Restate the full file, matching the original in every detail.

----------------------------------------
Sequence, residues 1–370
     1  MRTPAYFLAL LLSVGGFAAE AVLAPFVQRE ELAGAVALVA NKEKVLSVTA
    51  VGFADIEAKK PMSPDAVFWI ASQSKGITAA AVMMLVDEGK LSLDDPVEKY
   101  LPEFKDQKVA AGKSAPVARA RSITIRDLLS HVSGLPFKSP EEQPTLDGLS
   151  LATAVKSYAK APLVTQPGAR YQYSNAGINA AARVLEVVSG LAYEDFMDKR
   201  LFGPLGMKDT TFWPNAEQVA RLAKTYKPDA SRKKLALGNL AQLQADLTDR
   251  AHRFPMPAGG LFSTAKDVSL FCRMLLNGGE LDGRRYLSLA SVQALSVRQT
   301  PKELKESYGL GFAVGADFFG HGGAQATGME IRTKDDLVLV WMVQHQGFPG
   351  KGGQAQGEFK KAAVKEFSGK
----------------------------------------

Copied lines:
Sequence, residues 1–370
     1  MRTPAYFLAL LLSVGGFAAE AVLAPFVQRE ELAGAVALVA NKEKVLSVTA
    51  VGFADIEAKK PMSPDAVFWI ASQSKGITAA AVMMLVDEGK LSLDDPVEKY
   101  LPEFKDQKVA AGKSAPVARA RSITIRDLLS HVSGLPFKSP EEQPTLDGLS
   151  LATAVKSYAK APLVTQPGAR YQYSNAGINA AARVLEVVSG LAYEDFMDKR
   201  LFGPLGMKDT TFWPNAEQVA RLAKTYKPDA SRKKLALGNL AQLQADLTDR
   251  AHRFPMPAGG LFSTAKDVSL FCRMLLNGGE LDGRRYLSLA SVQALSVRQT
   301  PKELKESYGL GFAVGADFFG HGGAQATGME IRTKDDLVLV WMVQHQGFPG
   351  KGGQAQGEFK KAAVKEFSGK